Parkinson’s patient to kayak 300km down River Shannon – ‘You see the world in a different light’

A Parkinson’s patient who aims to kayak the River Shannon from source to sea this summer says his diagnosis is ‘a challenge’ but not an insurmountable one.

Dublin man Frank Mullen will kayak more than 33km down Ireland’s longest river from Dowra to Tarbert to raise funds and awareness for Parkinson’s this June and July.

He plans to spend 10 days completing the trip.

On Newstalk Breakfast this morning, Mr Mullen said he was diagnosed early last year after noticing some changes in his body.

“The shaky hand was one of them, the fact that I couldn’t sleep properly because I had restless legs and not having any energy,” he said.

“I think that was probably the most trying thing of all, the fact that there were things I needed to do but I couldn’t get the energy up to get them done”.

Paddle4Parkinsons Image: Paddle4Parkinsons

Mr Mullen said he is getting treatment and managing the impact on his life.

“In work, I’m lucky I have a job that doesn’t need me to be in the office very often so I can work from home,” he said.

A lot of the work I do, I can do in my own time.

“But if I put in a big morning then I’ll have to go to bed by 4pm in the afternoon because I’m just so tired”.

Frank Mullen Frank Mullen. Image: Paddle4Parkinsons

Mr Mullen said he has always been a fan of kayaking.

“I like kayaking; I got involved in it with my two boys who are in the Scouts here,” he said.

“One of the activities there is kayaking.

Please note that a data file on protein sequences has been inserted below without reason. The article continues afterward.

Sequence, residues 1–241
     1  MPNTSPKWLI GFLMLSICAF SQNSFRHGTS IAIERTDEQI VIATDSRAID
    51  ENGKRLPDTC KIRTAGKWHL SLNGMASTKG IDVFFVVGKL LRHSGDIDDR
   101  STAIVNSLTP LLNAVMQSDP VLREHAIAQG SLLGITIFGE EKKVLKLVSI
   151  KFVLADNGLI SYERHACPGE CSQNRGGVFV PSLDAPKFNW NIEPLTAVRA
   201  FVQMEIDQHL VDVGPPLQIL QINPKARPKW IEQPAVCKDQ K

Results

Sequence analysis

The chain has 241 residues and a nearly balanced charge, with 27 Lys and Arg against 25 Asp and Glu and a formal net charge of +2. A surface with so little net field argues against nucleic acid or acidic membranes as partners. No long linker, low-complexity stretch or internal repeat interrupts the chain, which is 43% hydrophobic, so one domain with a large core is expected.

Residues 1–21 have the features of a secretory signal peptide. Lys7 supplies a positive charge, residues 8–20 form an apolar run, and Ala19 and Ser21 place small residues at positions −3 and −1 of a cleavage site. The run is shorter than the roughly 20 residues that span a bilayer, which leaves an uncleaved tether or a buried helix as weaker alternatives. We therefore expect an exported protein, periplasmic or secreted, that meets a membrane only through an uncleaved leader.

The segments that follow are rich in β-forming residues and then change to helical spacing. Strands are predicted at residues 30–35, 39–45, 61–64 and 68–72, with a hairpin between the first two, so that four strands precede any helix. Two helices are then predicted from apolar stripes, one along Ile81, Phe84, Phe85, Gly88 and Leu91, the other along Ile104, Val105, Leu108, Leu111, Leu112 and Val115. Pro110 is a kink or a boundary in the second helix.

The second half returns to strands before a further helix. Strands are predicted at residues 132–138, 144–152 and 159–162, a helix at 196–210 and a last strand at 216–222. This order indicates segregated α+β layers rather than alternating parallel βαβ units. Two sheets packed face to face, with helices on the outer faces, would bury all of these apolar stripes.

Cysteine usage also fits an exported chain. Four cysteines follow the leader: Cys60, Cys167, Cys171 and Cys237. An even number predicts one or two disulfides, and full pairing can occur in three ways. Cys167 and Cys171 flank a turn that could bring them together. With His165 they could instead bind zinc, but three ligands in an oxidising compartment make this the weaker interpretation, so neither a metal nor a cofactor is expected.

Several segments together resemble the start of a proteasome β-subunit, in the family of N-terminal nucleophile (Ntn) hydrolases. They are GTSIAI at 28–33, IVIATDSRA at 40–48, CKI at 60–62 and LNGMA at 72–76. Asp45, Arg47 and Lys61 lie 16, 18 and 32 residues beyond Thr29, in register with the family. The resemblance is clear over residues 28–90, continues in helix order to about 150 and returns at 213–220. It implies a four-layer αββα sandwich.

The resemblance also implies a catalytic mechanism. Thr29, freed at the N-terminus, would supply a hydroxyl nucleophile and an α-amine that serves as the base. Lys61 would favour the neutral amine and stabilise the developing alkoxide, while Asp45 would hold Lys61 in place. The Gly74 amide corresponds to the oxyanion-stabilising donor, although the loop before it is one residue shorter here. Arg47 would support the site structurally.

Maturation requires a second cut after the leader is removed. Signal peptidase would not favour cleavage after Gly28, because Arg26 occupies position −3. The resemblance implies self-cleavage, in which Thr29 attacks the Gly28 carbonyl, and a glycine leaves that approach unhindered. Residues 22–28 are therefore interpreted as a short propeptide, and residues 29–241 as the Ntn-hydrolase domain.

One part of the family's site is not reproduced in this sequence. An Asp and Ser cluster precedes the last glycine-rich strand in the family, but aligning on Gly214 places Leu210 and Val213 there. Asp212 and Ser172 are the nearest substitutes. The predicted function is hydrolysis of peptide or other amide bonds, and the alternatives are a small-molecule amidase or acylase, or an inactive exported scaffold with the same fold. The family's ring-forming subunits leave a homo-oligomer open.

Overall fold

“I’m one of those parents who thinks, ‘If this organisation is looking after my children and they need volunteers then I’m probably one of the better volunteers’ in my opinion.

“If you’re out kayaking around the cliffs, you just see the whole world in a different light from a boat that has your face basically two feet off the water”.

‘Staying fit and healthy’

Mr Mullen said the kayaking should be fine for him as long as it’s planned correctly.

“It’s a combination of medication and staying fit and healthy,” he said.

“Staying fit and healthy is a real big part of dealing with Parkinson’s, just as it is with dealing with everyday life I suppose”.

Mr Mullen said he wants to raise awareness and fundraise at the same time.

“If you have Parkinson’s, it’s a challenge but it’s not an insurmountable challenge,” he added.

People can donate to Mr Mullen’s Paddle4Parkinsons fund here

Main image: Frank Mullen. Image: Instagram/paddle4parkinsons

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